Stock futures were rising Monday morning.

You probably have a ton of questions.

From CNN.

http://money.cnn.com/2018/02/12/investing/stock-market-volatility-faqs/index.html

Deutsche Bank To Pay About $4.4 Mln To Settle SEC Charge It Misled Consumers - Nasdaq.com

Deutsche Bank To Pay About $4.4 Mln To Settle SEC Charge It Misled Consumers - Nasdaq.com
Deutsche Bank AG ( DB ) agreed to pay more than $4.4 million to settle regulatory claims that it failed to supervise traders who misled customers about the price of commercial mortgage bonds. The Securities and Exchange Commission said it instituted an enforcement action against Deutsche Bank Securities Inc., which has agreed to repay more than $3.7 million to customers, which includes $1.48 million that was ordered as disgorgement.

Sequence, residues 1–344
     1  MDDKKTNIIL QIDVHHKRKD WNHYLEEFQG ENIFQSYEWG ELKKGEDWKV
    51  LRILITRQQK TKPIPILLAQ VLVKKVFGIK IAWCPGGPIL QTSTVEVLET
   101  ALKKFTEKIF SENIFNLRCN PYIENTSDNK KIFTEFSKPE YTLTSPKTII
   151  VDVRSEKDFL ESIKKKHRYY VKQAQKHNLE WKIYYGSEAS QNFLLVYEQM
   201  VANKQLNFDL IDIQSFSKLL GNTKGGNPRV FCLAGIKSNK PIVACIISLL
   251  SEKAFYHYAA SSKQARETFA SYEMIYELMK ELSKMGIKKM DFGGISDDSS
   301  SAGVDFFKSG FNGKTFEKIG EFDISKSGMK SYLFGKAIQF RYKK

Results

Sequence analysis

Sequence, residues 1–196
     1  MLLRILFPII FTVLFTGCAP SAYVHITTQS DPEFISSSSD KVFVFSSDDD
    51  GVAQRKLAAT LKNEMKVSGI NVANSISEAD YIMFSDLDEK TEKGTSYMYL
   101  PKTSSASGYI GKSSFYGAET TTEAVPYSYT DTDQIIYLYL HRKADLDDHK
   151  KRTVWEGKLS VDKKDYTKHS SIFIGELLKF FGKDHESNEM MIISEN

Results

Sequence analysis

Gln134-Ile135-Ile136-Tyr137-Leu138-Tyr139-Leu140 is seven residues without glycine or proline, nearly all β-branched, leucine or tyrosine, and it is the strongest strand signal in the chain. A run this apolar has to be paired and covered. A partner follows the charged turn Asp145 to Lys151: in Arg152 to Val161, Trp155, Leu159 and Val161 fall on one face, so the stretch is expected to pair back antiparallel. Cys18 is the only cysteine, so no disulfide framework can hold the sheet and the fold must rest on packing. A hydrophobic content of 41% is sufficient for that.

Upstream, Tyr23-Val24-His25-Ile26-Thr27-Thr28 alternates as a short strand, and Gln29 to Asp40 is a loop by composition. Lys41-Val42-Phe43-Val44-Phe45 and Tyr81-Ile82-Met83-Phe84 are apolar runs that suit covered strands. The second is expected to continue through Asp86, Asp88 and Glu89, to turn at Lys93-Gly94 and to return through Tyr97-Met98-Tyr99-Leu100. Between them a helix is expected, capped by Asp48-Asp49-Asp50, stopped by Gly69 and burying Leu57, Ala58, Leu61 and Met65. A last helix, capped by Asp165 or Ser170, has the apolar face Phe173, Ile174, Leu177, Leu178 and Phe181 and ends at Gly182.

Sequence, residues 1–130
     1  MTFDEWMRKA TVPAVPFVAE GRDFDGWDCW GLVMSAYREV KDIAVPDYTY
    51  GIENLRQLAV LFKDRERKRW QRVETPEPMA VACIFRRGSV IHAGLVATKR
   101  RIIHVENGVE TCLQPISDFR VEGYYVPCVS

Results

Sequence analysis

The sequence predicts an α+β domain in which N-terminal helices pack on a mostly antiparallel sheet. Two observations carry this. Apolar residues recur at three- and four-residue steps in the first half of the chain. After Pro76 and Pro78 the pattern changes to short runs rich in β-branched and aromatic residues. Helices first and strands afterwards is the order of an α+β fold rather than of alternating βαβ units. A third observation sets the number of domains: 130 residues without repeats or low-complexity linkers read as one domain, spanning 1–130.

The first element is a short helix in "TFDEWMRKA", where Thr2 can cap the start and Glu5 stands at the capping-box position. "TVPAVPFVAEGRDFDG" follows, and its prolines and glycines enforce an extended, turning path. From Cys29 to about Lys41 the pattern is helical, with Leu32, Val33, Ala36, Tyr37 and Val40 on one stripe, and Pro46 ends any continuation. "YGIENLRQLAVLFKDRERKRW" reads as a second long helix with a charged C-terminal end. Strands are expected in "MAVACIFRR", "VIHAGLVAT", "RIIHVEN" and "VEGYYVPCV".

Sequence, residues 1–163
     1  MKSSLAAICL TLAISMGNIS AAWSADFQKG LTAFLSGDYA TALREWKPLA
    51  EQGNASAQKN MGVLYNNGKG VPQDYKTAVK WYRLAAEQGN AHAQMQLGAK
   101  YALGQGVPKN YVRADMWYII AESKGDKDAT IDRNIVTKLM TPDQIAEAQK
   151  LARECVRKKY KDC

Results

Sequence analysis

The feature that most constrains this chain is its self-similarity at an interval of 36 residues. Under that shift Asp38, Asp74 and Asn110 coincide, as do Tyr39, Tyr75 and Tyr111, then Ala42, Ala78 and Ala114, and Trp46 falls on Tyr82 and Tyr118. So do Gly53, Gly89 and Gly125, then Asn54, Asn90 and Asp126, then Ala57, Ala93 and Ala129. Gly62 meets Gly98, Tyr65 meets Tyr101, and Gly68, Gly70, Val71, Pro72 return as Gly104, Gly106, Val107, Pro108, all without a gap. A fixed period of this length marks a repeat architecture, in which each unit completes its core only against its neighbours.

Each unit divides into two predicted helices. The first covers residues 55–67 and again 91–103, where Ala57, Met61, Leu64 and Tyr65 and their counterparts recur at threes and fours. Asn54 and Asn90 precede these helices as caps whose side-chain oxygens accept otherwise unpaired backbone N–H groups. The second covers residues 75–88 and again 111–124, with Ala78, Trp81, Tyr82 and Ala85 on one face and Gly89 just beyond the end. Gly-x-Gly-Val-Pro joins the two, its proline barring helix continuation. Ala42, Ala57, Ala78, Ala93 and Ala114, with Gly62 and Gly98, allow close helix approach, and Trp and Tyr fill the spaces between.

Wednesday, January 31, 2018

Securities Regulation Insititute's Need to Know Cases

From Jim Hamilton’s World of Securities Regulation:

"A panel of the Northwestern University Pritzker School of Law Securities Regulation Institute gave an info-packed update on important litigation developments from the past year, including a clarification on insider trading, a new limit on the ability of the SEC to seek disgorgement in enforcement actions, and a lack of resolution on conflicting disclosure requirements."



Follow us on Twitter and Facebook

Tuesday, January 30, 2018

SEC Freezes ICO Assets

SEC halts one of the largest 'ICOs' ever as it wades deeper into the murky world of cryptocurrency offerings U.S. Securities and Exchange Commission announces it has obtained a court order to halt and freeze the assets of AriseBank's initial coin offering.